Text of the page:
Occupational Therapy

Our occupational therapists help you regain and retain the ability to perform everyday tasks after a serious injury or illness.

Occupational Therapy

Our occupational therapists help you regain and retain the ability to perform everyday tasks after a serious injury or illness.

Occupational Therapy to Improve Your Quality of Life

The goal of occupational therapy (OT) is to help people with injuries, illnesses or disabilities adapt and regain independence, so they can engage more fully in their daily lives.

Our highly skilled team of occupational therapists do an in-depth evaluation to figure out your needs and then develop a personalized treatment plan to help you perform ordinary tasks at home, work or school. This could include activities like dressing, bathing, eating, toileting, cooking, driving, cleaning your home or caring for your child.

Our mission is to help you participate in daily activities that give meaning and purpose to your life, and to maximize your potential, self-reliance, quality of life and independence. Sometimes, this means using assistive devices, modifying your home or work environment or changing the types of activities you do to improve your health.

Diagnostic Screenings and Customized Treatments

Our occupational therapists at Keck Medicine of USC are committed to finding out what is impacting your ability to engage in daily preferred activities and tailoring a treatment plan to meet your needs.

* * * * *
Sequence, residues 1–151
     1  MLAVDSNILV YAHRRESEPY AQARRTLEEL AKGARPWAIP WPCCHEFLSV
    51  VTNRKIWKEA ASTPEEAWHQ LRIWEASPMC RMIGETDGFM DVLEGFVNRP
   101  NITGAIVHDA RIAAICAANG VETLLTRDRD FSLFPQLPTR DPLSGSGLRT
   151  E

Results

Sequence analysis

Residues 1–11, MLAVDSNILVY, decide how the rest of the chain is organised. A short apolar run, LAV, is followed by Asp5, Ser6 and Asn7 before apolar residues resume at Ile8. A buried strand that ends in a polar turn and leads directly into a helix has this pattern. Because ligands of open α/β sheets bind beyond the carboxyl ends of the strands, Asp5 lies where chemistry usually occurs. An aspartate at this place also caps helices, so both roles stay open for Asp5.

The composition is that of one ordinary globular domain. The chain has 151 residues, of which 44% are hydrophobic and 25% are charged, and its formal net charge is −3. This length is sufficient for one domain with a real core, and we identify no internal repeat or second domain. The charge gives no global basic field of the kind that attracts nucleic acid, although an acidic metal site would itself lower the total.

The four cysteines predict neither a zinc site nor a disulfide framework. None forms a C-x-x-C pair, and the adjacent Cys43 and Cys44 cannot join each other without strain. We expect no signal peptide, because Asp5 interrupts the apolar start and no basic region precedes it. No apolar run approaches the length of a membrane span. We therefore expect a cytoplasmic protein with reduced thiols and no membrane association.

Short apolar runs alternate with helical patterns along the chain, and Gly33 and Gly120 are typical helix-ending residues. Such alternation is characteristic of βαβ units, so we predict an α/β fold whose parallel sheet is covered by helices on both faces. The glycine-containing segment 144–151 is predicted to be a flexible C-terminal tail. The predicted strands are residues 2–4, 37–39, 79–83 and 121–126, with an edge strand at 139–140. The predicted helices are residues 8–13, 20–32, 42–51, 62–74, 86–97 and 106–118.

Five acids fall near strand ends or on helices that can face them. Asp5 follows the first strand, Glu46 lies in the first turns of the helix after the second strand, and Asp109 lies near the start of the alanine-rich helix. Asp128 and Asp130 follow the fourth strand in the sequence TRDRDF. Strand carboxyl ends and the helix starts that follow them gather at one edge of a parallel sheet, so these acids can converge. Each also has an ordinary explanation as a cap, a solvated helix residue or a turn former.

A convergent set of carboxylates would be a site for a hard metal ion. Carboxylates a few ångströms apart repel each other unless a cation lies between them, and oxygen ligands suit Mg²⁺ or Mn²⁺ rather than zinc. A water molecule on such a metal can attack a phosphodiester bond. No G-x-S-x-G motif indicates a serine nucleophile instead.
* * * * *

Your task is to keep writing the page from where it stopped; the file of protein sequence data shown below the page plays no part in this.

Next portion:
Your diagnostic screening and treatment may include:

  • Performance evaluations of ability to do self-care activities and other activities, such as meal preparation, home management, community mobility, leisure and other activities
  • In-depth evaluations of strength, joint motion, coordination, dexterity, endurance, vision, cognition and mental health to perform activities
  • Customized treatment programs to help maximize function for daily living
    • Treatment activities may include self-care tasks, cognitive retraining, exercise, crafts, leisure and work-related activities
    • Training in joint protection, body mechanics and energy conservation
    • Upper extremity management, including splinting
    • Addressing daily routines and health management for improved overall well-being
  • Comprehensive home and/or job-site evaluation and recommendations for adaptations to make the environment as safe and “user-friendly” as possible
  • Needs assessment, recommendations and training for adaptive equipment
  • Family and caregiver education

Frequently Asked Questions

Who benefits from occupational therapy?
You may benefit from occupational therapy if you’re experiencing functional challenges due to the following conditions:

  • Stroke
  • Deconditioning and functional decline due to a serious illness/injury
  • Recent surgery or transplant
  • Post-COVID-19
  • Arthritis (osteoarthritis and rheumatoid arthritis)
  • Anxiety/depression
  • Amputations
  • Burns
  • Lymphedema
  • Visual, sensory, cognitive or perceptual problems
  • Alzheimer’s disease
  • Parkinson’s disease
  • Cancer
  • Multiple sclerosis, ALS or other chronic conditions
  • Pelvic floor dysfunction


Why is it called occupational therapy?